A small downtown digital marketing firm has found a niche in the ever-changing world of technology by developing software applications for smart phones.
Indianapolis-based Boost Media & Entertainment has designed about a dozen apps within the past year. But its latest creation, one targeting independent radio stations, may catapult the company into the national spotlight.
The app lets users listen to live radio feeds and receive multimedia information from the station on their mobile phones.
Rock station WTTS-FM 92.3 in Bloomington signed on as the first client and racked up 1,500 downloads from listeners in one week. Boost also is in conversations with a radio station in New York City and with the owner of four independent stations in Colorado.
A formal nationwide media and marketing campaign for the product, called MyStationApp, is expected soon, said Boost Media CEO and co-founder Jason Zickler.
“It’s really cool that we’ve been able to do it with [WTTS] because they’re kind of a cult brand,” he said. “Hopefully it will be taking off for us.”
Zickler, 35, founded Boost Media in mid-2007. The firm has nine employees and moved Jan. 1 to larger space at 107 S. Pennsylvania St., where it occupies 4,000 square feet.
The company started as a website developer and online video producer, and is concentrating on building its mobile-app business.
An app it designed for the annual Rib America festival at Military Park in downtown Indianapolis caught the attention of WTTS Program Director Brad Holtz.
The two parties began collaborating in the fall and had a product finished around the first of the year.
WTTS approached Boost Media in part simply because few mobile apps are available for independent radio stations. Large corporations such as Clear Channel, which operates WFBQ-FM 94.7, WRZX-FM 103.3 and WNDE-AM 1260, dominate the radio dial and develop their own platforms that are used company wide.
Zickler thinks MyStationApp will appeal to smaller radio stations because it features a low implementation cost and a short development time—under a week in many cases—yet can be customized by each station.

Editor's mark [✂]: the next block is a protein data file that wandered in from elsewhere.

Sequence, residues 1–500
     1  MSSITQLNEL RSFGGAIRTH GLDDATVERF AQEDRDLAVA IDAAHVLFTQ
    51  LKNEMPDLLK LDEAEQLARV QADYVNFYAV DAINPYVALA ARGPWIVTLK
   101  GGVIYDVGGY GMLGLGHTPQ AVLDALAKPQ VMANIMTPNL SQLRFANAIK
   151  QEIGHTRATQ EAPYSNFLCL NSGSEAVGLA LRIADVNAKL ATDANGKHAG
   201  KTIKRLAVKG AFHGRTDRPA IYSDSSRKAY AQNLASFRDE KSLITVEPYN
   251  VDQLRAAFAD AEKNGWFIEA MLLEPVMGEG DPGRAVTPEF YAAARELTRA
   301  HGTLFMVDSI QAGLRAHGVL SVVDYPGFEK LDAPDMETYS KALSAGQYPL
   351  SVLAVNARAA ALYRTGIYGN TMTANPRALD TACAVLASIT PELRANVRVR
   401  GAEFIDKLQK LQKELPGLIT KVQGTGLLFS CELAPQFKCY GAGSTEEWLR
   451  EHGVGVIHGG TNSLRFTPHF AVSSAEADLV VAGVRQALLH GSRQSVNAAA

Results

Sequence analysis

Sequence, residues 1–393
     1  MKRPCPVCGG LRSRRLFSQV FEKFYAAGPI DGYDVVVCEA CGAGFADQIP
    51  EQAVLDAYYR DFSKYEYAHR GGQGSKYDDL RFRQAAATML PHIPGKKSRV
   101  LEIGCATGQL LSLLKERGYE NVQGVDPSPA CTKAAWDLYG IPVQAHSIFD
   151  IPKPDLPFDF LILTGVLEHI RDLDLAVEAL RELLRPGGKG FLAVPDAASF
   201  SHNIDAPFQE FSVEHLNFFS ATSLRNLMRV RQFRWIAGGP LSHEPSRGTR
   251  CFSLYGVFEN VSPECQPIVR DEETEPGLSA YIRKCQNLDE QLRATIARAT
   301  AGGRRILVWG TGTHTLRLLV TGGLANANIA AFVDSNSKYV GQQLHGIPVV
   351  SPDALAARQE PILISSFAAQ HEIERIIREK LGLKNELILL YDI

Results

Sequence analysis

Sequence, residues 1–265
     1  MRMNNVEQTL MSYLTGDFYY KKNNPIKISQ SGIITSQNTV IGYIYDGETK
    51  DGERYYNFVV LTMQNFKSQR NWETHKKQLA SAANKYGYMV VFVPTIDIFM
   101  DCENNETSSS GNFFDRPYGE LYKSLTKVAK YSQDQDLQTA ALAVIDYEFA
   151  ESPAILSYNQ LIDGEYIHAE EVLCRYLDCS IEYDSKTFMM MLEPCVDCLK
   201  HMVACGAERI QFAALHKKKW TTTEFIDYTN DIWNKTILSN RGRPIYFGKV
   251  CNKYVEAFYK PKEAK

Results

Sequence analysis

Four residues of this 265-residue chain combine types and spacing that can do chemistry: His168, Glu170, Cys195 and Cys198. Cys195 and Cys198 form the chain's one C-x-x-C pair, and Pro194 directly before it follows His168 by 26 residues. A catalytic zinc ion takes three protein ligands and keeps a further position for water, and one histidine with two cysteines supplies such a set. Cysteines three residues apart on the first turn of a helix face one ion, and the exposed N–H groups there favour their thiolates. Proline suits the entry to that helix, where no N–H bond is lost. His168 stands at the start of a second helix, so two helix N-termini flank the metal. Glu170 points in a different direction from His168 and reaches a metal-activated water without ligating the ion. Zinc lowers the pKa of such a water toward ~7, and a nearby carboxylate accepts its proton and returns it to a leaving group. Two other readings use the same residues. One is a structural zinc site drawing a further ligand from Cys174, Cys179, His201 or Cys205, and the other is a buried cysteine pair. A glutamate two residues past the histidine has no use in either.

“It gives listeners what they come to the website and the station for—the music, the concert listings and the social media interaction,” Holtz said. “It’s been a really good rollout.”
The next step for WTTS is to embed advertisements in the app in an attempt to generate additional revenue.
Clients pay Boost Media an annual fee to offer the app while listeners download it for free.
MyStationApp lets users tap into a multimedia stream that displays song titles and artist names for songs while they're playing, concert calendars and other exclusive content. The app can be used on Android and iPhone devices, as well as the iPad.
In addition, Boost Media recently finished an app for the annual Spirit and Place Festival at IUPUI, scheduled this year for Nov. 4-13. Another application, for the Indianapolis Colts fan club called Indy Blue Crew, should be unveiled within the next week.
Zickler, who graduated from the Purdue University School of Engineering and Technology, earned a master’s degree from the Indiana University School of Informatics and Computing.
He worked at locally based Aureate Media before the firm became Radiate and moved to Silicon Valley under co-founder Jeff Ready, who now leads Indianapolis-based data-storage firm Scale Computing Inc. Zickler later became a vice president at now-defunct Pathway Productions Co. in Indianapolis.
He declined to divulge Boost Media’s annual revenue but said the company has grown modestly at a rate of about 35 percent a year. A booming app business could help grow the figure.
“I think we’re finding our niche,” Zickler said. “It seems like a good future for us.”